“To every thing there is a season, and a time to every purpose under heaven,” it says in Ecclesiastes 3:1.
For students in the Florence Melton Adult Mini-School, there is a time to begin to study, a time to come together as a community, and a time to conclude their formal study. For the most recent class, the conclusion came at their siyyum and graduation on Wednesday evening, January 13, in the Patio Gallery at the Jewish Community Center.
The graduates, Stephen Bloom, Hal Corwin, Jean Corwin, Sheldon Gilman, Alan Glaubinger, Janice Glaubinger, Laura Klein, Jon Klein, Emily Podgursky, Carol Savkovich, Harry Schulman, Douglas Sharps and Alan Ungar; their families; and two of their teachers, Cantor David Lipp and Rabbi Laura Metzger celebrated the conclusion of two years of formal study with some additional study, prayers, words of thanks and congratulation and shared food.
Cantor Lipp began the evening by presenting a d’var Torah. Then the students took over the teaching. Half the class had prepared to teach a segment from the Babylonian Talmud and half had prepared a Chasidic story. In true Melton style, the graduates led discussions of the material that gave everyone – fellow students, teachers, parents and children – the chance to participate and contribute to understanding the material.
Class members then shared a presentation, written by Douglas Sharps, that summed up their experience.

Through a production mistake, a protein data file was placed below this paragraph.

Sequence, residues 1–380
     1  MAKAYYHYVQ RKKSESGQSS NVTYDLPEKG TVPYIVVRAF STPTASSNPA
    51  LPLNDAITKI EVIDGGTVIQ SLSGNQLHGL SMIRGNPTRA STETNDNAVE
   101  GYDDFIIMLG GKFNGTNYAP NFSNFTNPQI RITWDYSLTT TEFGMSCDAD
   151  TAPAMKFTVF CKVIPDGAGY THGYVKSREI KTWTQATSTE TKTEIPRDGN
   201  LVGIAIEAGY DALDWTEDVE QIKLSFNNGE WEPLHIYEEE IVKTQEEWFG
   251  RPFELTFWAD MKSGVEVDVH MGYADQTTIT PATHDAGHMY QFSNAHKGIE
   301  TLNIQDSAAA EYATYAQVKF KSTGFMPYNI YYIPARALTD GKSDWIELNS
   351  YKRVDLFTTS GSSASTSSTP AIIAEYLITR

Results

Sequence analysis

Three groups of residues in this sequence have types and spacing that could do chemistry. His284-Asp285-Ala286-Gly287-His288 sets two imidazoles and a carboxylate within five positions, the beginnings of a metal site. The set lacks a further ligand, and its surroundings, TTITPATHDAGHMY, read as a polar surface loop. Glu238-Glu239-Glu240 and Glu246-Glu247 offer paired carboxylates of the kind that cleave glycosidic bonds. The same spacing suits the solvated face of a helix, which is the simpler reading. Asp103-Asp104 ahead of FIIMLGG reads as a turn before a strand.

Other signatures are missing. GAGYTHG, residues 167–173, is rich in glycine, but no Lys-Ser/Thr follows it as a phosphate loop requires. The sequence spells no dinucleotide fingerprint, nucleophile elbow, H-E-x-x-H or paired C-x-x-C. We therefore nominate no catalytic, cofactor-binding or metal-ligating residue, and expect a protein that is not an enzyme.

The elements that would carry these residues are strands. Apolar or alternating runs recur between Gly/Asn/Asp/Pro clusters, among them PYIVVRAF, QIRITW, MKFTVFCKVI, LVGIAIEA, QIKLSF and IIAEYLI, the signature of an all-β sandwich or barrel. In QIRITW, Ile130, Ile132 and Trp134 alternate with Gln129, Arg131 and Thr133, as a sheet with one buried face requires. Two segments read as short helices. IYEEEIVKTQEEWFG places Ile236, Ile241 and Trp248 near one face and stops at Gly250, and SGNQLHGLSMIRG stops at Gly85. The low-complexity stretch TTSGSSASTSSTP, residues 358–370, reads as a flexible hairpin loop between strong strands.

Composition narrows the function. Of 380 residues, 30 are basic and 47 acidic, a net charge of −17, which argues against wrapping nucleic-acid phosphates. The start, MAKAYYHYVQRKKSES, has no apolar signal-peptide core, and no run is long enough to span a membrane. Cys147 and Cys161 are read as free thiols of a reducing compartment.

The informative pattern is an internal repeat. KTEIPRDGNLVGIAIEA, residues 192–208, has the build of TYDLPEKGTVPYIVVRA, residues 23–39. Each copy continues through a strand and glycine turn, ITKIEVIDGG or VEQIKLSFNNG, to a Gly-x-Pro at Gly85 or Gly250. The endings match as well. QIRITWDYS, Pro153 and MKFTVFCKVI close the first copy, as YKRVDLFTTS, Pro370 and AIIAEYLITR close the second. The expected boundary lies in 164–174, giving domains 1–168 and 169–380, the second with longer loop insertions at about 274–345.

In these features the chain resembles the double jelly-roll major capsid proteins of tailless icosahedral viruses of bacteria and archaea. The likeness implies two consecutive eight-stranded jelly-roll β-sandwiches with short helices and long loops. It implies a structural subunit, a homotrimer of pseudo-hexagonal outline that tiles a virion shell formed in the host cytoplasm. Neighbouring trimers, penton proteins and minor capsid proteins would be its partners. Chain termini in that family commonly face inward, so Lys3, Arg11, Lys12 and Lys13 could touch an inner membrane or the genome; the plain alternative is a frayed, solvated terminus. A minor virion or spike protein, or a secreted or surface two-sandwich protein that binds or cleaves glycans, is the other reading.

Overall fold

“Among our most important obligations is that of never letting an opportunity pass without the appropriate blessing. [Or without food.] So it should be today. To our teachers, may HaShem bless you and keep you, may you find your own able teachers, other students who are adequate and eager, and many satisfactions.
“But beyond our blessings on you – and for you – you should know how you have blessed us. From you, we have learned to learn Jewishly. Which is to say, to think and feel Jewishly, with depth, but also with truth.
“To learn as Jews has meant to read the writings of our people and about our people, closely, with attention to meaning and context. Not to confirm what we already believed or what we wanted to believe, but to tell us what we did not know. Sometimes that was hard – even unpleasant – but we had you to see us through.
“And we had each other. Communities are made by a shared history, by common beliefs and a common language. But also by common study. We made a community in our study room each week, with one another and with those who spoke to us out of the books.
“As Jews, we learned to learn with every part of ourselves, the whole megillah – head, heart and soul. We brought to each discussion our experiences and viewpoints, framed by education, by our families – our mishpochas – and by love of Am Yisroel. We saw that our problems were often those of Jews in other places and times, and that their thoughts were often our thoughts. In that conversation, we stitched ourselves into the fabric of Judaism.
“Through it all, we have tried to see the wisdom in our laws and traditions, even those we may not always – or often – or ever – observe. Adult learners that we are, it is wisdom – if only a touch – that we seek.
“Of course, this is not a typical graduation. Farewells are not in order. We do and will all see one another at shul and around town. But there is an appropriate prayer for such an occasion, which is truly a start more than an end: Shehecheyan.”
While this class has completed its formal studies together, a first-year class is continuing to meet. Additional classes are planned for the fall. Watch Community for details.